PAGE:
Professor Richard Rickerts

Professor Richard Rickerts

AJJF Founder

Richard (Dick) Peter Rickerts was born in Petaluma, California, on July 18, 1906.  He joined the Coast Guard and was stationed in Hawaii where, in 1929, he met and began to study with Master Okazaki.  At the Kodenkan, class members were assigned to a senior student who was responsible for the daily teaching of the arts.  As he came up though the ranks, Dick became one of Master Okazaki’s principal teachers.  Bud Estes, Ray Law (later co-founders of the AJJF), were assigned to Dick for their training.

profRickerts_Okazaki_1938jujitsu to servicemen and civilians at the Army & Navy YMCA after the original instructor, H.E. McLean, died in 1937.  Attendance was so great at these classes that the Army & Navy YMCA formally dedicated its auxiliary gymnasium to the study of jujitsu in 1941.  Dick was the head instructor throughout this period, and Master Okazaki made frequent visits to insure authenticity of form.

In the Spring of 1941, Dick took an extended vacation and came to the mainland to teach at Laws American Judo & Jujitsu Academy in Oakland, California.  It was here that he met his future wife, Helen, who was a student at Laws’ school.  They were soon married and they traveled back to Hawaii to live.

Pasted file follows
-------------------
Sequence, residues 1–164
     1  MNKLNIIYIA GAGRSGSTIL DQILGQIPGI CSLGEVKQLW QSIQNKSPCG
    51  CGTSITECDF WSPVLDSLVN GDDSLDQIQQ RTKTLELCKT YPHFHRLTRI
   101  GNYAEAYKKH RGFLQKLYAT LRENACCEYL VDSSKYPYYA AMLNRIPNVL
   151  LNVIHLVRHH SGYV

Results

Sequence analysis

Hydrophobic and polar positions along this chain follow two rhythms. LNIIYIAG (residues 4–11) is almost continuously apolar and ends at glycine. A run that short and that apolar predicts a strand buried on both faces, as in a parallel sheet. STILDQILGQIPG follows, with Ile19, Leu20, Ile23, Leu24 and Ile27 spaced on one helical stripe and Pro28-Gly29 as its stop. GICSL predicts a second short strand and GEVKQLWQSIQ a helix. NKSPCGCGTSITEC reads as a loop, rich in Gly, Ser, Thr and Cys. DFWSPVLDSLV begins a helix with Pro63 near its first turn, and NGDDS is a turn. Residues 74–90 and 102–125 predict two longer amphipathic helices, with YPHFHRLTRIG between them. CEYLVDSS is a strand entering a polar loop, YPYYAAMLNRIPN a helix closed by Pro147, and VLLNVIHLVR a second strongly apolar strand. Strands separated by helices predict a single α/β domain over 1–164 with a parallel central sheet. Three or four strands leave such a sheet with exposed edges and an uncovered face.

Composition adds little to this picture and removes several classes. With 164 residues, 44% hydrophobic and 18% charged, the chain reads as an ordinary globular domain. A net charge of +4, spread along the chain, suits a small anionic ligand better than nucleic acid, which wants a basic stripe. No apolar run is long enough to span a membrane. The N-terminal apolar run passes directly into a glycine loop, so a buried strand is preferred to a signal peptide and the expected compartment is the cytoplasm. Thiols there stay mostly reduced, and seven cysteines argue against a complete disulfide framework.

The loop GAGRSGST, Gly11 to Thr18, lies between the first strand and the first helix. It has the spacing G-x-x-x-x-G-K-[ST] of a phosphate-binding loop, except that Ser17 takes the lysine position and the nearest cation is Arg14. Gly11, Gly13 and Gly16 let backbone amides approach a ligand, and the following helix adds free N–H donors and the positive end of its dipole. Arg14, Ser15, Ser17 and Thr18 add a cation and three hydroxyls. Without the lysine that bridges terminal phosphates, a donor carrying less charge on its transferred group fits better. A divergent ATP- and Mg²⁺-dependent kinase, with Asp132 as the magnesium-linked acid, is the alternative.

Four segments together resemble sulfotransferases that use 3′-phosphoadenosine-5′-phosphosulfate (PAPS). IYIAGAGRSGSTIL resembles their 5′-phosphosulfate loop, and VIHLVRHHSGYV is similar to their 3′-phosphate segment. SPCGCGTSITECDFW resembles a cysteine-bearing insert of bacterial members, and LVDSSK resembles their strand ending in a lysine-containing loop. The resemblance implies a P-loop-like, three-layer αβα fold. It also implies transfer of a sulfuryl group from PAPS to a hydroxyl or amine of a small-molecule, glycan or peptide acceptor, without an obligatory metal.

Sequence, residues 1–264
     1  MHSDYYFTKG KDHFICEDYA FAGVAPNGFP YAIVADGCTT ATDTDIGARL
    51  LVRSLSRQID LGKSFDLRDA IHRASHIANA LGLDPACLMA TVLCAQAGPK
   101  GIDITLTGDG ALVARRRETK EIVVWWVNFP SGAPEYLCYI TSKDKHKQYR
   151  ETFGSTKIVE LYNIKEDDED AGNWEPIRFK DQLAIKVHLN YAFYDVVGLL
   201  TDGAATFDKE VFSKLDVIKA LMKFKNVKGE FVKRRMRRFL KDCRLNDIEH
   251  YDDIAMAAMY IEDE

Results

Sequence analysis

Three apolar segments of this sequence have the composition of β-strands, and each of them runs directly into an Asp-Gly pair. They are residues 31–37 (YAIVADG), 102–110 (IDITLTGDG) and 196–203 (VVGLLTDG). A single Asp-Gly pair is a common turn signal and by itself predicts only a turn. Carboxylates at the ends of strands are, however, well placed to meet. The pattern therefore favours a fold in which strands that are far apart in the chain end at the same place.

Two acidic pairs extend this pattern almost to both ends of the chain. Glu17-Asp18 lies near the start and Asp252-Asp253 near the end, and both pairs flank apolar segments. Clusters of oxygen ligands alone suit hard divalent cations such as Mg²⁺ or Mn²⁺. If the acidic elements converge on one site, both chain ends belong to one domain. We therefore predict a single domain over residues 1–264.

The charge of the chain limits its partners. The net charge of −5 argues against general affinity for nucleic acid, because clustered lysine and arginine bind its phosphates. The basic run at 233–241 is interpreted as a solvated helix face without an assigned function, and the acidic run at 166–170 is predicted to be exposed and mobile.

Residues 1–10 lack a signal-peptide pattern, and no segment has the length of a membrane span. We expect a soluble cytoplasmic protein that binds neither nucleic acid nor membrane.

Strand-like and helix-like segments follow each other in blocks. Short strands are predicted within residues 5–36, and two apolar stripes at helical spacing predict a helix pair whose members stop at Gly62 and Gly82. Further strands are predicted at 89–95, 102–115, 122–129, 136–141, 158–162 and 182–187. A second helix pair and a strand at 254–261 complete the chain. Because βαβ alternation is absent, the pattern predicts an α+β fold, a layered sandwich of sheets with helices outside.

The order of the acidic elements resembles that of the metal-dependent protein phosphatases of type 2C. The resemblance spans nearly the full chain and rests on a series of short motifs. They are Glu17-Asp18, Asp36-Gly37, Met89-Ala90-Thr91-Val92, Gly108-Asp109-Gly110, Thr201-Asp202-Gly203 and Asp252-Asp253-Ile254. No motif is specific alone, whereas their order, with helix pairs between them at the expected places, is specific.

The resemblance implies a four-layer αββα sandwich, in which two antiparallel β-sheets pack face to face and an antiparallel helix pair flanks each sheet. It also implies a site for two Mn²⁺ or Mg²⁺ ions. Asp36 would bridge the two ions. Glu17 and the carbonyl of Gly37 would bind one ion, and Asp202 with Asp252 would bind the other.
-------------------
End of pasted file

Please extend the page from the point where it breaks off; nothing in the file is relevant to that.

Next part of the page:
Perhaps sensing danger in the air, they left Honolulu the evening of December 6, 1941 (eve of Pearl Harbor invasion), and traveled to the San Francisco Bay area.  They soon moved to San Mateo where he obtained employment as a pipe fitter for submarines.

During this time, Dick started a school in San Mateo.  He also taught judo and jujitsu at the San Mateo YMCA.  Instrumental in forming the Northern California Judo Federation and its successor the American Judo & Jujitsu Federation, Dick was made a founding Professor in 1949.  For her contribution, Helen was made an honorary black belt.

Professor Rickerts retired from teaching in the 1940’s due to employment demands.  He died March 6, 1990.

Reprinted from Danzan Ryu:  An Unbroken Tradition (1992) by permission of the author, Mary L. Boland.